There’s been quite the controversy surrounding the way film production studios have handled their international releases. As China remains a strong supporter of the international box office gross–even if recent numbers have been adding some questions regarding its profitability–studios have adapted their films for a release in the Middle Kingdom. Of course, they have very strict guidelines and only allow a certain amount of films into the country. Fantastic Beasts: The Secrets of Dumbledore was among the lucky candidates, but it looks like it came at a cost.
Warner Bros. has cut the LGBTQ references in its film so that it can release the film in China. While supposedly they only cut six seconds of dialogue, which includes the lines “because I was in love with you” and “the summer Gellert and I fell in love.” Fantastic Beasts didn’t make a secret of the relationship between Dumbledore and Grindelwald, but it seems the studio still decided to move forward with adopting the film for that release. Warner Bros. has released a statement on their decision:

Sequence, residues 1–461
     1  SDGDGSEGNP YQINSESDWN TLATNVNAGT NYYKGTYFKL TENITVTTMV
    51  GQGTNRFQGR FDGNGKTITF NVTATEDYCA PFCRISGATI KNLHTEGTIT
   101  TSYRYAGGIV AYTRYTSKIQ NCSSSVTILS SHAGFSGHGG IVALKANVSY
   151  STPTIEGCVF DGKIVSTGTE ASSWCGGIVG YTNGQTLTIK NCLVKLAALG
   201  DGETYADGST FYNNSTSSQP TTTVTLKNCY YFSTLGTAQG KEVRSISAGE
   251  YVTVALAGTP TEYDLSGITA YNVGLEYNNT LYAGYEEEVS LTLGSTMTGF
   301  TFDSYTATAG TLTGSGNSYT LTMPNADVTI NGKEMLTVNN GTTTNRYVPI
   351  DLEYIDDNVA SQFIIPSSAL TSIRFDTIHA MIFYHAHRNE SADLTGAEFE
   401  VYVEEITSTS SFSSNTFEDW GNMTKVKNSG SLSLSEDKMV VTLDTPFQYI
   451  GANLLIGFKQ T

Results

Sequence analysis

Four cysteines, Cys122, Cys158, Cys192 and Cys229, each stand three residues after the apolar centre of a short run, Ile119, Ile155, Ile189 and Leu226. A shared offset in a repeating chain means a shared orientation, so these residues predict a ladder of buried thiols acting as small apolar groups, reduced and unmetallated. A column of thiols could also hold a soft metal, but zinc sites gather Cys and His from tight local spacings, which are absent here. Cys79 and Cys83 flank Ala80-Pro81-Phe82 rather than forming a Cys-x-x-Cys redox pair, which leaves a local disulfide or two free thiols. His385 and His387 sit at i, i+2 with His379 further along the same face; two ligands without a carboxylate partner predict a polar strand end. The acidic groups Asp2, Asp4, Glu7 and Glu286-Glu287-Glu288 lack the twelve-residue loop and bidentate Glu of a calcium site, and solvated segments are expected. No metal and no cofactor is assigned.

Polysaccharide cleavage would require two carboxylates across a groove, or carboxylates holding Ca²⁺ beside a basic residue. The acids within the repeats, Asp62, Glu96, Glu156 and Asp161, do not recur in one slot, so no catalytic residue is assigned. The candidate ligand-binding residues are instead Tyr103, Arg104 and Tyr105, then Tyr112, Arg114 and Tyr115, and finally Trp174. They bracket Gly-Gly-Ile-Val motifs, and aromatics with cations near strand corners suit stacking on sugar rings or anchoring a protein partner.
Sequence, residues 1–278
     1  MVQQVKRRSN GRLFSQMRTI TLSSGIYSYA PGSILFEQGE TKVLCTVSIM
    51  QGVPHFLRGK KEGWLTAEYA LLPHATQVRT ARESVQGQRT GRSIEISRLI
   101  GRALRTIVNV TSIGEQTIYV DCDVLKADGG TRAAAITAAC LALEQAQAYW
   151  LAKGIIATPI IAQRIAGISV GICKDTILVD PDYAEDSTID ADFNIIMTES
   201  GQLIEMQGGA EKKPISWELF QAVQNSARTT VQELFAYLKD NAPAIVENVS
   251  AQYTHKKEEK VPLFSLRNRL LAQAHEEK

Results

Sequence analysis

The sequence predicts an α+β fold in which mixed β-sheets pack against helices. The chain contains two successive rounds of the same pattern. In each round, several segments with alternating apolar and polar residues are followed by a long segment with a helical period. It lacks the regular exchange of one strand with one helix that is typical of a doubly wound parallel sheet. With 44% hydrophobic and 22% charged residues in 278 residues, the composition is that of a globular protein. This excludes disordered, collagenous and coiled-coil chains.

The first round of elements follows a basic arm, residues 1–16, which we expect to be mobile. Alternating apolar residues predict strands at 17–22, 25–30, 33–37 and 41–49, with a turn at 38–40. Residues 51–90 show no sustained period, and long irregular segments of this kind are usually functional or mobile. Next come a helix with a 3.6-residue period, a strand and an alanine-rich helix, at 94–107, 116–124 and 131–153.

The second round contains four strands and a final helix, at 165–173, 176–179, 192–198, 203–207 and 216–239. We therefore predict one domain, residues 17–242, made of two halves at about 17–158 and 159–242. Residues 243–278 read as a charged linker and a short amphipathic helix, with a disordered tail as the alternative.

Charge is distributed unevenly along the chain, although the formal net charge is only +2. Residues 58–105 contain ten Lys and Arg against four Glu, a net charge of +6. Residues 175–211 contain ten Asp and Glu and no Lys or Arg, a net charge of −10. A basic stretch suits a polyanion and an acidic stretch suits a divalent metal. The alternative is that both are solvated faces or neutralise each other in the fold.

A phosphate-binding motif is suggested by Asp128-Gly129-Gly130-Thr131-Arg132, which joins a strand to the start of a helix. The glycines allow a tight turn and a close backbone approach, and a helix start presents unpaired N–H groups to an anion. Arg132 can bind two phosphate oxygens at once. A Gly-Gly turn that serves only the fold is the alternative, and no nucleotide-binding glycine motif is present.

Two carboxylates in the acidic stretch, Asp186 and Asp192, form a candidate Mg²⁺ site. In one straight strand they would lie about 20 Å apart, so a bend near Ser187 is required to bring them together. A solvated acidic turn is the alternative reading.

As a studio, we’re committed to safeguarding the integrity of every film we release, and that extends to circumstances that necessitate making nuanced cuts in order to respond sensitively to a variety of in-market factors. Our hope is to release our features worldwide as released by their creators but historically we have faced small edits made in local markets.
There have been many accusations of studios deliberately keeping LGBTQ references to a minimum so that they are easy to edit out for specific markets, which forbid it. Some films have stood by their productions, such as Marvel Studio’s sticking to its guns to not adapting their release of Eternals, which has an openly gay character, to stay true to the story and its director’s vision. Yet, Disney has also been in the spotlight for censoring or generally pushing back on LGBTQ elements planned for Pixar releases. In the case of Fantastic Beasts, Warner Bros. moved ahead with the adaptation but the film ended up opening at a lower box office in the market than its two predecessors.
Source: The Guardian